Learn more about breaking a lease with tenants to have a clearer understanding of tenants' rights regarding this issue.

Michigan Landlord Rights and Responsibilities

Property owners have rights and responsibilities, too! Understanding these according to Michigan laws can help your rental properties operate more smoothly.

The following are the basic landlord rights in the state of Michigan:

  • Month-to-month tenants must provide 30 days written notice before vacating.

  • Renters must abide by all terms of the signed lease.

  • Renters should request repairs in a timely manner and in writing.

  • Tenants should let the landlord know when they are leaving town for an extended period of time.

The following are the basic landlord responsibilities in the state of Michigan. Landlords must:

  • Follow the legal eviction process set out in MCL Sec. 554.601a-606.

  • Abide by the lease agreement.

  • Give 15 days' written notice of any changes in a month-to-month agreement unless the lease or rental agreement states otherwise.

  • Maintain peace and quiet.

  • Give renters 24-hour written notice prior to entering their home, except during emergencies.

  • Make requested repairs promptly.

  • Comply with all health and building codes that apply to the rental property.

If you're not sure how to comply with these responsibilities, a Detroit property manager can help!

An electrician repairs a wall outlet to comply with Michigan landlord-tenant law.

Michigan Laws on Stalking, Sexual Assault, and Domestic Violence

In Michigan, tenants who reasonably believe they or their children are victims of stalking, sexual assault, or domestic violence may end their lease early.

The tenant may provide the following documentation to back their statements:

  • A police report that led to the filing of charges

  • An order to remove an abusive person from the home or

  • An order of personal protection

If you receive this type of request from a tenant along with the appropriate documentation, it's essential to work with the renter for their safety.

Eviction Laws in Michigan

There are a variety of reasons for which a landlord can evict a tenant. Some of these reasons include:

  • Holding over after the lease's term expires

  • Violation of the lease

  • Illegal drug activity

  • Serious health hazard

  • Extensive damage to the property

  • Nonpayment of rent

Before filing for an eviction in Michigan court, the landlord must provide the renter a Notice to Quit. The following chart shows the amount of notice required for each notice or violation.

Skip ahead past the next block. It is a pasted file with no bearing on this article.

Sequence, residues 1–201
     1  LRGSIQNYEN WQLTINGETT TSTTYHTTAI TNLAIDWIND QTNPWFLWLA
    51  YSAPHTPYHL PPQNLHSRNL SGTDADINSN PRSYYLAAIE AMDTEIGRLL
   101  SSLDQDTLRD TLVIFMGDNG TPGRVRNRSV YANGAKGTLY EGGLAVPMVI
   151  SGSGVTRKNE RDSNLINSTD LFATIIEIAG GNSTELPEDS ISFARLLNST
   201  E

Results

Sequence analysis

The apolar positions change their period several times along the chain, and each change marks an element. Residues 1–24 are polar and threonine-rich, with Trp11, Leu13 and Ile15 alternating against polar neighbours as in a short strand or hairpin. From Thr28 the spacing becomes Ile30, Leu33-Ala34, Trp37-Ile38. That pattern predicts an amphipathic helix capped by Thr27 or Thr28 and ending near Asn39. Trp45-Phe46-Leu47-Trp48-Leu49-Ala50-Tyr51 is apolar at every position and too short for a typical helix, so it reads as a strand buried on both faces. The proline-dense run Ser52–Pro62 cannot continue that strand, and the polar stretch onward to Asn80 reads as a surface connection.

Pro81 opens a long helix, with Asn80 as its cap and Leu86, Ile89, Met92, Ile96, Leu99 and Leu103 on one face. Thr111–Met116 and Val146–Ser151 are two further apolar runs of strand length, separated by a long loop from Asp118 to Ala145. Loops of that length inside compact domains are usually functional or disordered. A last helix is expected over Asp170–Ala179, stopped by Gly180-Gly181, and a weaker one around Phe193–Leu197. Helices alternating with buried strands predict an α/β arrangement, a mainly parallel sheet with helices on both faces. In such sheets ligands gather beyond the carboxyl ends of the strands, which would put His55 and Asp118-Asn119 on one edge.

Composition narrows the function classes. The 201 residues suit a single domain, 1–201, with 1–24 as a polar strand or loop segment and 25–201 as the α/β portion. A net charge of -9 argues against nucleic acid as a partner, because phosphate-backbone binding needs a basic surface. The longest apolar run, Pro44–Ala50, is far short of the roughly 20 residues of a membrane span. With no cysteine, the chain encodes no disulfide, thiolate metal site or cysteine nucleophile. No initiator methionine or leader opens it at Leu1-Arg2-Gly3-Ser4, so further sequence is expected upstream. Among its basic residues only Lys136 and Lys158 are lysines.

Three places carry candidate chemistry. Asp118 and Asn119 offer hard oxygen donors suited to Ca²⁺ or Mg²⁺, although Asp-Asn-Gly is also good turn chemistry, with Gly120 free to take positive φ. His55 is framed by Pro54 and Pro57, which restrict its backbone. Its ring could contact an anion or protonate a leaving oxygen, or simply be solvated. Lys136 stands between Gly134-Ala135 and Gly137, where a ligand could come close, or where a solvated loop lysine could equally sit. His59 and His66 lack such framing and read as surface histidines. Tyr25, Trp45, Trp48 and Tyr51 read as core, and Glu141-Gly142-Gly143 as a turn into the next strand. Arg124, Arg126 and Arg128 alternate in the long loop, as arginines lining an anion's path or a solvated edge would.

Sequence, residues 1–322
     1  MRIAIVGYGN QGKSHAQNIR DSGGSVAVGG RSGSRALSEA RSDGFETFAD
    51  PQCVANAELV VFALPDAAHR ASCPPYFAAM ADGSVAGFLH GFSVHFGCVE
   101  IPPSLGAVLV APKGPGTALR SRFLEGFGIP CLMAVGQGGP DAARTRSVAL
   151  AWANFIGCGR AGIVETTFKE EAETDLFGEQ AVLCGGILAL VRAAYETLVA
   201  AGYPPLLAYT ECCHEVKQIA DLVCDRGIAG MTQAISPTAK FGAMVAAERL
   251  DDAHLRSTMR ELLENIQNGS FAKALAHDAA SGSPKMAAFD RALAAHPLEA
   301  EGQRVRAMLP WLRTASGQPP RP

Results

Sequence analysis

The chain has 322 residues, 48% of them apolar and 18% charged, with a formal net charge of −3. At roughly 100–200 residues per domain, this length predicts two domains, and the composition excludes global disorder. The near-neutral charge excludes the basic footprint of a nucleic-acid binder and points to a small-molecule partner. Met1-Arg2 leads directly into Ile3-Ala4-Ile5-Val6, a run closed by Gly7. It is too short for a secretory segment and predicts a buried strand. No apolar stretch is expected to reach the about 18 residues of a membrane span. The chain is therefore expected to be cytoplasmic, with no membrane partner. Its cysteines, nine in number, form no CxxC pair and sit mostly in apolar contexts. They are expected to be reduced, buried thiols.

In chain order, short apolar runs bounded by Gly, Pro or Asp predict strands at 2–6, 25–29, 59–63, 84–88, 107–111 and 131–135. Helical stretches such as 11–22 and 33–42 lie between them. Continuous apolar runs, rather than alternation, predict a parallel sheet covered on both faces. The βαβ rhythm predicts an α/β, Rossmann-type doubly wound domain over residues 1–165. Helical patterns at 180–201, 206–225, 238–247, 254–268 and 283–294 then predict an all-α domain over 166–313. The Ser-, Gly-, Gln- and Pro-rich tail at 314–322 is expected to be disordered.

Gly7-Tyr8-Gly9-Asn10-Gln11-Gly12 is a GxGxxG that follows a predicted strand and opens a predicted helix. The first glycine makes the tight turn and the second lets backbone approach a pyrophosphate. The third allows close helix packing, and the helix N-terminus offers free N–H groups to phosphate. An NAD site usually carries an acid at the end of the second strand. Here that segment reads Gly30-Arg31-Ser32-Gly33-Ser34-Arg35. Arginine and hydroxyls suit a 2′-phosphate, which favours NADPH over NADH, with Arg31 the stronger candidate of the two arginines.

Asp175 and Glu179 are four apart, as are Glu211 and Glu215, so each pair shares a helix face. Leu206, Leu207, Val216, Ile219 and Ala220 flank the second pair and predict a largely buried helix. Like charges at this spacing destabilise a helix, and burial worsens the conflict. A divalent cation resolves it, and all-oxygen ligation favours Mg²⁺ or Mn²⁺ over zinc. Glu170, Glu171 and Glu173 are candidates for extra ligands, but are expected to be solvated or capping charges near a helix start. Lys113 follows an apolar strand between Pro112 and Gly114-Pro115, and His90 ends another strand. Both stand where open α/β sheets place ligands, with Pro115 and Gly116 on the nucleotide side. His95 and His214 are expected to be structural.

Amount of Notice Required Reasons for Eviction
30 days Holding over at the end of the lease
30 days Violation of the lease
7 days Serious health hazard
7 days Extensive damage to the property
7 days Nonpayment of rent
24 hours Illegal drug activity

A property owner may mail the notice to the renter by first-class mail, drop it off at the rental property, or deliver it to the tenant in person.

The following information should be contained in the notice:

  • Landlord's signature

  • Date

  • Amount of time to take remedial action

  • Reason for the eviction

  • Address or rental property description

  • Tenant's name

Providing legal, appropriate notices within the required timeframe is crucial to avoid lawsuits and ensure a legal eviction process.

Rental Agreement Laws in Michigan

When a lease agreement is 12 months or longer, a written rental agreement is required. However, a written agreement isn't required for any tenancy shorter than 12 months.

In Michigan, the lease cannot include a provision that does any of the following:

  • Requires the tenant to give the landlord a power of attorney

  • Violates Michigan's Consumer Protection Act

  • Waive the landlord's duty to minimize damages

  • Waives or alters the tenant's rights in eviction proceedings

  • States that rental payments will accelerate if the renter violates a lease provision

  • Waives or alters a party's right to demand a jury trial

  • Relieves the landlord from liability for the landlord's failure to perform a duty imposed by law

  • Provides for a confession of judgment or warrant of attorney

  • Discriminates against a person because of their national origin, age, religion, sex, race, or disability

  • Waives the right established under the laws that regulate security deposits